Still, EPA risks flouting congressional intent. A spokesman for Democrats on the House Energy and Commerce Committee previously said it was his office’s understanding that the omnibus would have prevented the closure of the Las Vegas office. Appropriators this week questioned Office of Management and Budget Director Mick Mulvaney on the Federal Labor Relations Authority's planned closure of two offices, citing similar language in the omnibus covering that agency. EPA did not respond to inquiries into whether it would scrap the closure, how it could move forward, or how it would pay for relocation and severance costs, given the language accompanying the spending law.
“The omnibus hasn’t stopped a thing,” said one Las Vegas employee, who estimated that only a few employees so far have accepted positions at a new location.
The uncertainty, the employee added, has been the worst part of the process.
“I have no problem if they have a sound business case to shut down a facility,” the career EPA worker said. To date, management has not made that available.
Ann Pitchford, another employee in Las Vegas, said she has decided to retire. She began working at EPA during her sophomore year in college and has remained at the agency for 43 years. She planned to stay for several more years before the office closure was announced. She considered moving, but decided against losing time with her grandchildren.
"People are upset," said Pitchford, a senior scientist and principal investigator with a master's degree in physics and a doctorate in civil engineering. "We're losing people and certain work is not going to get done."
Employees who are relocating have yet to be told what their new assignments will be, but are hoping to receive an update shortly. Others are waiting to see if the rumored buyouts will be approved, which Pitchford said would require those who accept the offer to leave the agency by June 30.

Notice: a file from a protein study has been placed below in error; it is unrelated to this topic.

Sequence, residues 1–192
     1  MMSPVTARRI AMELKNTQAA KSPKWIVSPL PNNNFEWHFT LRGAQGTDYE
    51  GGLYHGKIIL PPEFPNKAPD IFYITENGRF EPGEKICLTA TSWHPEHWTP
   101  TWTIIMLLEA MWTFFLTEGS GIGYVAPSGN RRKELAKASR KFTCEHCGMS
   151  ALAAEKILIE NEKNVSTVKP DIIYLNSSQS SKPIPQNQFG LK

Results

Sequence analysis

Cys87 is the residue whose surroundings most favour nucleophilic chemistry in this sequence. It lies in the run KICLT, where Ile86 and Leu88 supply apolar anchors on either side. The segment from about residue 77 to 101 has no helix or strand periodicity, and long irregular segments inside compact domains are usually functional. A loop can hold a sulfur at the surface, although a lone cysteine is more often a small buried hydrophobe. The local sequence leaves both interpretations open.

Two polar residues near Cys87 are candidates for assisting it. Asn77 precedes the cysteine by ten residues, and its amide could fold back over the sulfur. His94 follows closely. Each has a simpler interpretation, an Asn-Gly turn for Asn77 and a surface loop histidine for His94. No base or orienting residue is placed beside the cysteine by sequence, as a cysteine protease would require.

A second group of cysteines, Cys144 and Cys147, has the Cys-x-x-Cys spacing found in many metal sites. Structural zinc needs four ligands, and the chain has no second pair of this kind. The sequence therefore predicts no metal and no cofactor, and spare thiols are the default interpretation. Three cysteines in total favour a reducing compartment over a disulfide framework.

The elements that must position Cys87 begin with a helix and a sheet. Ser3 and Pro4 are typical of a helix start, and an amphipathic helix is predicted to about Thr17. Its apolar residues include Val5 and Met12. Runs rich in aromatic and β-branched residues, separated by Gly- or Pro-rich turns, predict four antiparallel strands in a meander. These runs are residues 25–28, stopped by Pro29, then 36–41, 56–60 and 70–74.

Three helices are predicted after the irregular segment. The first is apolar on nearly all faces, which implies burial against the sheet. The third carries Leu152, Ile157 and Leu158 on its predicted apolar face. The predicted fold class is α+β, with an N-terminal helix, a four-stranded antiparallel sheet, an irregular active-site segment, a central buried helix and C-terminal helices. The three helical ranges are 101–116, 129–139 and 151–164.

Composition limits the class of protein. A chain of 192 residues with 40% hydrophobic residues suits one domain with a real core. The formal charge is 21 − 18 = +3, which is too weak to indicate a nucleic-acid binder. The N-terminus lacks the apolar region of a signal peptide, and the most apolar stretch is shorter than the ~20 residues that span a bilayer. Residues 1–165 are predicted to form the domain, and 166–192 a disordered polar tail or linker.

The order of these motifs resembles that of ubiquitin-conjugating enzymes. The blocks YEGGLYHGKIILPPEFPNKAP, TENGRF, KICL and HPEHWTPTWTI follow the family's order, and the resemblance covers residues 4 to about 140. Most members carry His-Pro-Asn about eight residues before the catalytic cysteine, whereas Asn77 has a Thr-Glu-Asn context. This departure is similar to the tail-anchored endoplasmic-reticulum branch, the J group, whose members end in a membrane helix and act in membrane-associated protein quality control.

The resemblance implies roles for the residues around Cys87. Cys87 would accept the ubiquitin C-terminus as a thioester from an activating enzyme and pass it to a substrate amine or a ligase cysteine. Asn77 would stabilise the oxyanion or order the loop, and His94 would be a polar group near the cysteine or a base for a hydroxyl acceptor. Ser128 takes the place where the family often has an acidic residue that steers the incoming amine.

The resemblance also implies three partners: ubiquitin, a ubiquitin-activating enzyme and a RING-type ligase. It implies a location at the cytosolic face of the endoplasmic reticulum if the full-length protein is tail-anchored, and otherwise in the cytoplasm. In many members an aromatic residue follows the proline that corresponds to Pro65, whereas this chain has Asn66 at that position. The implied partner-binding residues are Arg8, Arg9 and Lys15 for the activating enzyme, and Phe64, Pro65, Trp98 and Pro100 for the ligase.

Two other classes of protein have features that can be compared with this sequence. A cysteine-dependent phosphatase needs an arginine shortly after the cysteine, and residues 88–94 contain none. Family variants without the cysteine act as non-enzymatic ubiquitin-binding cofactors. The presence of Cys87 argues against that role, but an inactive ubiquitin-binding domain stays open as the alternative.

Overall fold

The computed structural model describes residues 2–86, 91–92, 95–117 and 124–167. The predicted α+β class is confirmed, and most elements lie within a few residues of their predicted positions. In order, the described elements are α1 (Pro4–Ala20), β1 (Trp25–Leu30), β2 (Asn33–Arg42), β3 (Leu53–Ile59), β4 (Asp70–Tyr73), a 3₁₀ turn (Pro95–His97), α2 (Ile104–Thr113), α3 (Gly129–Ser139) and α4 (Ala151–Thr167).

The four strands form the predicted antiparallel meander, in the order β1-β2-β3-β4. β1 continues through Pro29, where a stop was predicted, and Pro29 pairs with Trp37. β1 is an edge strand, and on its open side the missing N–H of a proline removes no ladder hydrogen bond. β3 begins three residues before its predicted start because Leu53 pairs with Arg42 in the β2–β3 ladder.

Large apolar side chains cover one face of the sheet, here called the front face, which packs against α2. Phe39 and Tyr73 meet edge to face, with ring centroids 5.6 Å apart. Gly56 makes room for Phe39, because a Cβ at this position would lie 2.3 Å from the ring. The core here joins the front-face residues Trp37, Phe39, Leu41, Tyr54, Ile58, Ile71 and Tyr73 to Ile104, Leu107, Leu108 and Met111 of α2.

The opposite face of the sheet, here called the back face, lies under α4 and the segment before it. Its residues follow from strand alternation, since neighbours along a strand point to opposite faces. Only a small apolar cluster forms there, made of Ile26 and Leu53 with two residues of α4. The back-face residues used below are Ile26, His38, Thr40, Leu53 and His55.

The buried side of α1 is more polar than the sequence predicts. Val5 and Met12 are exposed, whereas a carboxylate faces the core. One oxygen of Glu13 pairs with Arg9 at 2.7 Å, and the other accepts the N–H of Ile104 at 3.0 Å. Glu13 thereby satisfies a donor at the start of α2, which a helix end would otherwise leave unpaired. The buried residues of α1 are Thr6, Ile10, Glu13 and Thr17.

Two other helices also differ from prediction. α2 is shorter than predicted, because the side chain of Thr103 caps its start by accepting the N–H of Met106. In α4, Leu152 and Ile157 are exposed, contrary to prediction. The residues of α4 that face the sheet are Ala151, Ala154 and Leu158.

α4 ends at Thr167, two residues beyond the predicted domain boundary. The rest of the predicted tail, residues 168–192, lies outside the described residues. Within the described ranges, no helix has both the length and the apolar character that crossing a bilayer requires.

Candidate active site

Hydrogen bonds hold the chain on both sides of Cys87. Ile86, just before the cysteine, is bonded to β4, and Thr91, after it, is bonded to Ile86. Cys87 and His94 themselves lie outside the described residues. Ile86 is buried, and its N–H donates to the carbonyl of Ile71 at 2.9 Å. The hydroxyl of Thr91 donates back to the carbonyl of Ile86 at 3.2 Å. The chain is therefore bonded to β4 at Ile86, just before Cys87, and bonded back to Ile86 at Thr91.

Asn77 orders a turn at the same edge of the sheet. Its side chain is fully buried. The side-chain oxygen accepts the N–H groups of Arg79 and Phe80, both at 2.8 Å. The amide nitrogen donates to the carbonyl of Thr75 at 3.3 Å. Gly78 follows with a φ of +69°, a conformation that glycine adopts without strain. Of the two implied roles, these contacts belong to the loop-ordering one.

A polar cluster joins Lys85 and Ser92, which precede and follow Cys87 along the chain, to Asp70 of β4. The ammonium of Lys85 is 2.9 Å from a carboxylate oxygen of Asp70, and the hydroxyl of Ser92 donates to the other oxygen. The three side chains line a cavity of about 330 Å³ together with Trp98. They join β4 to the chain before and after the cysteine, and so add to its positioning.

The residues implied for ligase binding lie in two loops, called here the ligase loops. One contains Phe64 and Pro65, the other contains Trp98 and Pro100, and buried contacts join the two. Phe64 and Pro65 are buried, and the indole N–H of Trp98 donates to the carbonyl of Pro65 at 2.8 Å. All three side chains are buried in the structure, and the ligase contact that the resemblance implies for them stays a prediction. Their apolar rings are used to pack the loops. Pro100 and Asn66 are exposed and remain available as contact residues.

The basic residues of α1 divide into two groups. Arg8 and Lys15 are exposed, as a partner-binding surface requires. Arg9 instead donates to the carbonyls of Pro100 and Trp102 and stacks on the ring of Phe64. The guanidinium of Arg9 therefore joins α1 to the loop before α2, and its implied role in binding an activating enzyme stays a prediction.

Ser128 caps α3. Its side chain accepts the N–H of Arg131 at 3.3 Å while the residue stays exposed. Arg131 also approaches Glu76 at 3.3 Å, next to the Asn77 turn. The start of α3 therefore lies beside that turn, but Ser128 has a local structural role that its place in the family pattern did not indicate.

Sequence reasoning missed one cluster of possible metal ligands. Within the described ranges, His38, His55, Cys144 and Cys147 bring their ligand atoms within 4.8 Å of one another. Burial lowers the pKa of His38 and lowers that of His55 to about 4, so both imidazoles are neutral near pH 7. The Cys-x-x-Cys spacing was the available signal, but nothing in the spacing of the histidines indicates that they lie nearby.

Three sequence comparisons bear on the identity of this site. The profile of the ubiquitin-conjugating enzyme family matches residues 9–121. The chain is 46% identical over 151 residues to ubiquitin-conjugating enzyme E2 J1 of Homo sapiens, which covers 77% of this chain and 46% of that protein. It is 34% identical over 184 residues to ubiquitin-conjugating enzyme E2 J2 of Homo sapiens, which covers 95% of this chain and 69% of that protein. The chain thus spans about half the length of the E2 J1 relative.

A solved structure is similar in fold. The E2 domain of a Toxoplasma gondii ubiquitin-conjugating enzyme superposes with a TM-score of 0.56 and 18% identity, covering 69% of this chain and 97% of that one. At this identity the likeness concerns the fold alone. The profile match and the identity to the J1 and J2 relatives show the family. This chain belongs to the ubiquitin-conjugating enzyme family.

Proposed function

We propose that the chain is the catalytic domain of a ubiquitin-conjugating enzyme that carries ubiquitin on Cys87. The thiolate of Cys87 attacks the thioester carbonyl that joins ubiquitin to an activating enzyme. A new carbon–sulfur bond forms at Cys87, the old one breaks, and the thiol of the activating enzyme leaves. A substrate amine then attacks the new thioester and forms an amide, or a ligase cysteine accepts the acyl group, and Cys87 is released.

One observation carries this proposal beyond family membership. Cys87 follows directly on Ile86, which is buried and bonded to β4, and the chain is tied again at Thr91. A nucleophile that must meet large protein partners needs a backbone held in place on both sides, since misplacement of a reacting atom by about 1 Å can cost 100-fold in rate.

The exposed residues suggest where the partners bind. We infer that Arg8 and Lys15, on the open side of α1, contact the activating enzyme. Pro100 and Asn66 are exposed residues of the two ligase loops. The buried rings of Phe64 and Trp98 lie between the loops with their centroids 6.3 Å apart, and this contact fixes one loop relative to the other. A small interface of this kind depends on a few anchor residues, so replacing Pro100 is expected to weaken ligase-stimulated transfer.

Other EPA labs around the country may also face closure or consolidation, the agency said last year, though those do not appear to be scheduled to occur in 2018. Steven Calder, president of the American Federation of Government Employees local that represents agency employees in Massachusetts, said employees at EPA’s New England Regional Laboratory in Chelmsford, Mass., have been told their post will be moved in 2020.
The most likely outcome, he said, according to what management has told employees, is EPA will not close the lab altogether but move it to a building the agency owns in Narragansett, R.I. That would require a two-hour drive plus whatever rush hour traffic comes with navigating both Boston and Providence, R.I., Calder said, meaning employees would also most likely face the choice of either relocating or separating from the agency.
The pending move is causing “a lot stress right now,” Calder said. “Not a lot of people working at the laboratory are happy as far as that hanging over their heads.”
Again, EPA management has not provided employees with a clear update.
“It is still being discussed as if it will be moved and not closed,” Calder said. “But who knows?”